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Current Manuscript:London, British Library, Cotton Vespasian B.XVI
Sampled Folios:51v
Example Page:Display a full page showing this scribe's hand
Image Rights:Reproduced with permission of The British Library. All images on this website are reproduced with permission of the Libraries, Archives, and Owners of the manuscripts. Manuscript images that appear on this website remain in the copyright of the libraries where the manuscripts are held. Use of these images for any purpose other than private study without written permission of those libraries is prohibited by law.
Usage: a
double compartment anglicana 'a' used throughout. The scribe is extremely cinsistent although the size of the upper and lower compartments does vary slightly in size at times.
Usage: passus
red glosses within the text box in the hand of the scribe.He does not adopt any kind of display script.
Usage: And
there is only one version of upper case 'A', formed as seen in this example. The shape hardly varies.
Usage: As
Usage: dowel
neat and regular formation of looped 'd'.
Usage: dobet
in some places, the loop is not quite completed.
Usage: hadde
Usage: And
Usage: greuen
double compartment 'g' is used throughout. The stroke from the right of the upper comnpartment is a scooped stroke combining with what in other hands appears as a horizontal extension. The lower compartment is often triangular in shape.
Usage: IPassyng
Usage: gan
sometimes the scribe does not complete the lower compartment, leaving a small space between upper and lower on the right side. A hairline stroke links the head.
Usage: Gretli
the upper case graph at the beginning of a line.
Usage: han
notched head at the top of the stem thick stroke for shoulder to limb and fine tail-stroke angling clockwise sharply beneath the body of the graph.
Usage: recche
Usage: Hic
from the Latin incipit and to reinforce the presentation of upper case 'H' also seen in version 4.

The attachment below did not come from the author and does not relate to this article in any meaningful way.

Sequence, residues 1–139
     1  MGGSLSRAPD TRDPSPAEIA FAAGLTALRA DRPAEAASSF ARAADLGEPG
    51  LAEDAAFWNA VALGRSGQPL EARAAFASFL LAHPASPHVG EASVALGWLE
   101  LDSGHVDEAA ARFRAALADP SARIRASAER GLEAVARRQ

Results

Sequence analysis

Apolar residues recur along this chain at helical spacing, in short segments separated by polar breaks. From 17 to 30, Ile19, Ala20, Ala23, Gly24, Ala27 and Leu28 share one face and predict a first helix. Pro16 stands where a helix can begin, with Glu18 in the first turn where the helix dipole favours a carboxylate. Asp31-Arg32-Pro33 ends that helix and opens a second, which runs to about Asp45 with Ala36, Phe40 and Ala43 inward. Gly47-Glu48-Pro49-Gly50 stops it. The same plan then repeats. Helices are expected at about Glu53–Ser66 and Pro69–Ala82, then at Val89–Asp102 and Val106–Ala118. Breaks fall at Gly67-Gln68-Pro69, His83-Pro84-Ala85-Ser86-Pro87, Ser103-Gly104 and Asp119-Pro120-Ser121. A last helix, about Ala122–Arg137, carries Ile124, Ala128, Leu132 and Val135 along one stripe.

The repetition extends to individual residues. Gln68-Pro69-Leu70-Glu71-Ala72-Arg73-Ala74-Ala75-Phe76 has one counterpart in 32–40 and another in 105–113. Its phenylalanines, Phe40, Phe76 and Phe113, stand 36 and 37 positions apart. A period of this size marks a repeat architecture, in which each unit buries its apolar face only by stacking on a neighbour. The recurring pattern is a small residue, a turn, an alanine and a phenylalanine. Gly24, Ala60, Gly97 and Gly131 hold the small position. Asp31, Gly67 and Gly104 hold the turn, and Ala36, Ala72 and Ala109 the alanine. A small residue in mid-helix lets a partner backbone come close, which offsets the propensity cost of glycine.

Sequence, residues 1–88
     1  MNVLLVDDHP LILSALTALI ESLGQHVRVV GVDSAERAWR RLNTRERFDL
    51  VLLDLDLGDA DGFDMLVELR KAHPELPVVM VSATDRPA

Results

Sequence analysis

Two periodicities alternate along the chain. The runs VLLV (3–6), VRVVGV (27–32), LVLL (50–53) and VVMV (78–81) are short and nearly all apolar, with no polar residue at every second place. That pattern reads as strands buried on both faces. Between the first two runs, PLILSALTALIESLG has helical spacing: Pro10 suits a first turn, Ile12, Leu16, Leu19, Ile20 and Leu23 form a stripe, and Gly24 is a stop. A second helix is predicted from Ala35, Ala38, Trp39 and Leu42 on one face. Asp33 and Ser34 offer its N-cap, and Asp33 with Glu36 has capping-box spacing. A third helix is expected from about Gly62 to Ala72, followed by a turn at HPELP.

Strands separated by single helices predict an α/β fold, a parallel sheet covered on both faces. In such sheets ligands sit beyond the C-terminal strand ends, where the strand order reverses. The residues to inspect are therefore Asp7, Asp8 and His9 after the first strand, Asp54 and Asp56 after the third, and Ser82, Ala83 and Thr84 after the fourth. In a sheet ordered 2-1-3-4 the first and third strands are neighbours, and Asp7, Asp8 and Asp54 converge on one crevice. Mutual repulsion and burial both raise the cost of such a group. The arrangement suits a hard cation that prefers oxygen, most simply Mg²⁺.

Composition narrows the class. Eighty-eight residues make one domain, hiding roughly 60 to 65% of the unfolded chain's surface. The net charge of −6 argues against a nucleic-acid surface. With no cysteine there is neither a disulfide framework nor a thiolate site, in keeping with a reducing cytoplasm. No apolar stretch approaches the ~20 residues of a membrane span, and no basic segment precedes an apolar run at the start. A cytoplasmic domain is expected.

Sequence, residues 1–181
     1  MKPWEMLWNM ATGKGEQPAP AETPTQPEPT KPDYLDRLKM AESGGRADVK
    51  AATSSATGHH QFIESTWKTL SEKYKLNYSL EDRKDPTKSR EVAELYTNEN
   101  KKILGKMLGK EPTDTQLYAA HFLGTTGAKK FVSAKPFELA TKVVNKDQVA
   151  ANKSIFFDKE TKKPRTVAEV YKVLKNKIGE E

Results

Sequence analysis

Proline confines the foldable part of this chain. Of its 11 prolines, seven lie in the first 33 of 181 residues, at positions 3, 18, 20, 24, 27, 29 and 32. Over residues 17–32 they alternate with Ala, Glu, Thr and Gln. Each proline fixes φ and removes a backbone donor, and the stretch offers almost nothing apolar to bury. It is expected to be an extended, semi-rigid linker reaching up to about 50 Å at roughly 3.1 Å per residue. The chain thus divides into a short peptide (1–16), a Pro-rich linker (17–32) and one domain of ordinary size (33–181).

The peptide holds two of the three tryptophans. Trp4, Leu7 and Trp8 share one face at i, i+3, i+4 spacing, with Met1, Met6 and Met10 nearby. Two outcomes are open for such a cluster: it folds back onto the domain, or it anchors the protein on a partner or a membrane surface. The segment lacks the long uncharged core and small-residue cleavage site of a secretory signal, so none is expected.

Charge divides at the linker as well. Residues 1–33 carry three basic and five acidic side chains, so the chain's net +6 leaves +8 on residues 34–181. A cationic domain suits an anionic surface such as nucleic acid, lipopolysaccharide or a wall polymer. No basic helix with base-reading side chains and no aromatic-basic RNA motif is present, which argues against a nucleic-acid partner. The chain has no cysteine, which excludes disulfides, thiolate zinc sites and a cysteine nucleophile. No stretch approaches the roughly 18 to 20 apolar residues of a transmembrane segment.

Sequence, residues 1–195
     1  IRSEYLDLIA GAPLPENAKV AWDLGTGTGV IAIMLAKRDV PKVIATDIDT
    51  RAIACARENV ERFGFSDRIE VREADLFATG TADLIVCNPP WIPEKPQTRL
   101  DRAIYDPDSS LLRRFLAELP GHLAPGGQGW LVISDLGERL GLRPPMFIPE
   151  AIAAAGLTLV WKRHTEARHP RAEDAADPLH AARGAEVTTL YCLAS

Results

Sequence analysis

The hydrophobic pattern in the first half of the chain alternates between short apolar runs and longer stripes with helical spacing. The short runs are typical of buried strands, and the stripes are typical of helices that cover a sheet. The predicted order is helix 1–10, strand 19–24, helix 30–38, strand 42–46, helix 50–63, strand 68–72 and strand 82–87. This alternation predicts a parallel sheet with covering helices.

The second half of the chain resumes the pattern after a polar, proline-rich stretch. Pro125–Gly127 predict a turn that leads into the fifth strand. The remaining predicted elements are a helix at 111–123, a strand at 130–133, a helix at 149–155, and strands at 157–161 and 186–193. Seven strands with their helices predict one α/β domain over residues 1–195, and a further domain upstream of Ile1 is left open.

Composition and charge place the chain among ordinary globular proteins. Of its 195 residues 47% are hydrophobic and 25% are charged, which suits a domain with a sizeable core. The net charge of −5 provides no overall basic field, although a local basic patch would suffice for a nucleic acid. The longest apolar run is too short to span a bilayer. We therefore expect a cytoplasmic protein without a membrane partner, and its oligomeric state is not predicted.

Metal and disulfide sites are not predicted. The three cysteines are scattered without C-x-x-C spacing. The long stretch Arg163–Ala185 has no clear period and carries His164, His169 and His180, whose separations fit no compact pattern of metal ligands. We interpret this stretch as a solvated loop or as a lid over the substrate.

Usage: How
a strange upper case graph for 'H'.
Usage: restitue
long 'r' is used in all positions except where 'z'-shaped 'r' is used after 'o' and several round-bodied graphs.
Usage: after
long 'r' in final position with upturn from the shoulder.
Usage: laborers
long 'r' and 'z'-shaped 'r' in this example.
Usage: frere
Usage: seide
long 's' is used in initial and medial positions.
Usage: was
flat-headed greek sigma 's' for the final position.
Usage: penaunceles
Usage: Selde
upper case 'S' tipped with red ink at the beginning of a line.
Usage: wiþ
'w' has split heads to the arms and a 'B'-shaped element to the right.
Usage: þow
'w' in final position.
Usage: Lewede
Usage: dowel
'w' in the red ink of the gloss.
Usage: wissyng
the left arm of 'y' drops vertically to the lower level of surrounding graphs. The right arm begins at the same height, angles away with a thick stroke then turns acutely and a fine stroke joins the lower end of the left arm before curving counter-clockwise, again with a thick stroke.
Usage: prouyncial
'y' is always dotted.
Usage: pecunyous
a 'y' with a straight tail.
Usage: eyne
Thorn and Yogh
Usage: þow
thorn is used throughout for 'th'.
Usage: welþe
Usage: ȝif
yogh is used occasionally. It may or may not be used as equivalent to the 'gh' sound. it is mainly used to represent 'y'.
Usage: eyȝe
Centre for Medieval Studies, University of York, King's Manor, York YO1 7EP